A thank-you note for companionship at a time of grief
COFFEE WITH WARREN, with Warren Harbeck
On the cover of The American Indians of Abeita, Navajo artist Jim Abeita depicts companionship through a painful passage. Painting by Jim Abeita
The loss of a loved one is never easy, but noted Navajo artist Jim Abeita has well understood an important secret to the grieving and healing process.
Some years ago, I acquired a copy of The American Indians of Abeita: His People. What left an especially indelible impression on me about this 1976 collection of magnificent paintings was the book’s eye-catching cover image and the story behind it.
The cover depicts the artist journeying horseback through a treacherous canyon, its towering red-rock walls pressing in from the sides, suffocating in their terrifying grandeur.
But the artist is not alone. Beside him and following him is a throng of other riders.
At first breathtaking then intimidating, the painting speaks ultimately of comfort, as the riders emerge from the dusty, shadowy trail behind them and amble forward on sunlit greener ground.
The work is based on the lived experience of the artist and, in a sense, is his personal “thank-you note” to family and friends.
Like the riders that accompanied him through the shadowy canyon, his family and friends had been by his side through a most difficult time in his life journey: the death of his beloved wife.
This week’s column, like Abeita’s painting, is a thank-you note from my wife, Mary Anna, and me a thank-you note for the way so many of you journeyed with our family through a painful portion of our own life journey, the Feb. 7 death of our beloved daughter-in-law Monica.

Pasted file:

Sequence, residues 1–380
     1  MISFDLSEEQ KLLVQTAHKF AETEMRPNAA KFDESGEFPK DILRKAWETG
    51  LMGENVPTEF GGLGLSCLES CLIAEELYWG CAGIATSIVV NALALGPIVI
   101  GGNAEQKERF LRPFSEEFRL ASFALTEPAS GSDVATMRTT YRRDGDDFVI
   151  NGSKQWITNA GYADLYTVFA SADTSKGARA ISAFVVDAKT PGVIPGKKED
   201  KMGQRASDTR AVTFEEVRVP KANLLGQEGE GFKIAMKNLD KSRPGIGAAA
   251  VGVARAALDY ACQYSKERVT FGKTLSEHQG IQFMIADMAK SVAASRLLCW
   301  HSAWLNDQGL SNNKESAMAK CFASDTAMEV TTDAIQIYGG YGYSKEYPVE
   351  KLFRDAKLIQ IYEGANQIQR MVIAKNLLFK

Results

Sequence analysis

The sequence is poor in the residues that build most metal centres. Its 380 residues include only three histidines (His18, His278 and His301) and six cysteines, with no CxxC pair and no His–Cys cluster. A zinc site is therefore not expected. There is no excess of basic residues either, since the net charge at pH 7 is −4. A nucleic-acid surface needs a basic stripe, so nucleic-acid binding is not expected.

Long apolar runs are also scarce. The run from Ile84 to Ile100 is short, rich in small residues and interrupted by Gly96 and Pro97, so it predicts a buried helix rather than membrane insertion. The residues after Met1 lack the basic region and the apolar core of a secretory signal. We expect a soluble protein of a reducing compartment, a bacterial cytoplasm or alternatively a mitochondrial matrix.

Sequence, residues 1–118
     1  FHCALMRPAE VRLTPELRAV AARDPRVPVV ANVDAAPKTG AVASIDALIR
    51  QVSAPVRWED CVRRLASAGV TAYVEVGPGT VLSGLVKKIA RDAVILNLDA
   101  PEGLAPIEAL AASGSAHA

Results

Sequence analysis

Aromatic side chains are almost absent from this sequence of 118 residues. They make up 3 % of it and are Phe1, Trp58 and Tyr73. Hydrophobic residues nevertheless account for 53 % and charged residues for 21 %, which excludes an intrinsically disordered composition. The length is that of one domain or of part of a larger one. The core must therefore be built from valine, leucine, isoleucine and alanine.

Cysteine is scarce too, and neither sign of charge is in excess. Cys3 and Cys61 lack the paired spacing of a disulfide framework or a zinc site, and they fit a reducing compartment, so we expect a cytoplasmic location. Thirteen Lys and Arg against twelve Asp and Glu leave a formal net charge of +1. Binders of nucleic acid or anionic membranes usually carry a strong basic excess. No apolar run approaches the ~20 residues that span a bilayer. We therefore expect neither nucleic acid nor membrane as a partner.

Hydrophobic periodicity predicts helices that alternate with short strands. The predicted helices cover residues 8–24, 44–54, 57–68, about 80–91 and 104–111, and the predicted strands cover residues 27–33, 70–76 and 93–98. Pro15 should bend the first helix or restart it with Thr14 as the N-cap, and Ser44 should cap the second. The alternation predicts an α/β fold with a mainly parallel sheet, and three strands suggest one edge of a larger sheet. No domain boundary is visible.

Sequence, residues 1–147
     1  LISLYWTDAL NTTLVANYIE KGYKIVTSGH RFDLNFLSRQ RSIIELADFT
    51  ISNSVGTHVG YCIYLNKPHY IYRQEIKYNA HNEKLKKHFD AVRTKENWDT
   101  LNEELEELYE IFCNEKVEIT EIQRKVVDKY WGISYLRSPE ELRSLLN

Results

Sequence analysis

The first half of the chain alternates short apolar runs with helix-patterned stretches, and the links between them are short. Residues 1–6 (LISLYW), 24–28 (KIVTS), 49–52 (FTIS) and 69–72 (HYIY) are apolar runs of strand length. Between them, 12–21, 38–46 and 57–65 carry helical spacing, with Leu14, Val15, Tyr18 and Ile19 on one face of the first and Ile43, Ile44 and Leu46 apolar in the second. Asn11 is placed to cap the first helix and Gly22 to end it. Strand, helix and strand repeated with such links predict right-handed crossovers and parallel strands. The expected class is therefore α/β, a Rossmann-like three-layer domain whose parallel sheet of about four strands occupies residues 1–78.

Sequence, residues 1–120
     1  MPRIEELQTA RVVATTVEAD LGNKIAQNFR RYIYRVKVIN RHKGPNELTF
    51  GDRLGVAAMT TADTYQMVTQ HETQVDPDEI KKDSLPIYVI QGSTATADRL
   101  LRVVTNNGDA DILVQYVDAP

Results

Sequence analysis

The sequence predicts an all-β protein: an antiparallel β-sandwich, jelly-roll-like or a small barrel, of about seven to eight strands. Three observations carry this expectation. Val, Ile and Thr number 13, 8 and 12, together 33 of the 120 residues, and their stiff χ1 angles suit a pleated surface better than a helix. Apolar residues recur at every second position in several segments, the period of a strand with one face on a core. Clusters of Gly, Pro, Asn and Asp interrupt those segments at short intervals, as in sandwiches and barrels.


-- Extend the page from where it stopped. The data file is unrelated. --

Monica Harbeck née Sosnowski was the 47-year-old wife of our Calgary son, Reg. Their two children, Naomi (20) and Thomas (18), have been featured in past columns (most recently, Thomas’s discussion with me about prayer in my January 11 and 18 columns).
A nurturing parent, gifted teacher, and supportive friend, Monica had a particular enthusiasm for her Polish heritage that enriched our whole family. Not only did she make Polish the language of their home, but in an age when headlines proclaim “Bilingual kids get edge,” Monica, a committed tri-lingual, made sure our grandkids were competent in both French and English, too.
Monica’s greatest contribution to life, however, was praised by Naomi and Thomas in their eulogy at last Wednesday evening’s prayer service:
“What gave everything Mom did its distinctive beauty and importance was the deep love from which it sprang,” they said. “Her unique, intimate love hugged us when we were kids and held our hand as we grew older. In a way, we’re still holding her hand, as her love continues to guide us.”
Many of you reading this learned about Monica’s death through obituaries, emails and over coffee. You supported our whole family in word, prayer and deed, even helping out with meals and attending Thursday morning’s funeral.
In so doing, you gave new meaning for me to that hope-filled passage from Psalm 23: “Yea, though I walk through the valley of the shadow of death, I will fear no evil: for Thou art with me.”
In the spirit of Abeita’s painting, then, I’d like to paraphrase those words:
Yea, though we travel through death’s shadowy canyon, we will fear no evil, for Thou art with us with us through the communal hug of so many of you who have been by our side at this difficult time.
© 2012 Warren Harbeck